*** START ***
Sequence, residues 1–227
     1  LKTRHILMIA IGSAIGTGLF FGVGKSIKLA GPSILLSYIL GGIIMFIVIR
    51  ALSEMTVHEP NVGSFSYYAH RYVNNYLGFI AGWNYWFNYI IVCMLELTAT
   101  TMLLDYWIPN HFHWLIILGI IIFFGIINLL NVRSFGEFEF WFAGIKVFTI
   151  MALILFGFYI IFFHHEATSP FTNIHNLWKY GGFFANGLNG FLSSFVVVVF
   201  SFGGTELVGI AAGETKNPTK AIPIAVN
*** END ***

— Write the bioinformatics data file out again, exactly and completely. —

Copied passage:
Sequence, residues 1–227
     1  LKTRHILMIA IGSAIGTGLF FGVGKSIKLA GPSILLSYIL GGIIMFIVIR
    51  ALSEMTVHEP NVGSFSYYAH RYVNNYLGFI AGWNYWFNYI IVCMLELTAT
   101  TMLLDYWIPN HFHWLIILGI IIFFGIINLL NVRSFGEFEF WFAGIKVFTI
   151  MALILFGFYI IFFHHEATSP FTNIHNLWKY GGFFANGLNG FLSSFVVVVF
   201  SFGGTELVGI AAGETKNPTK AIPIAVN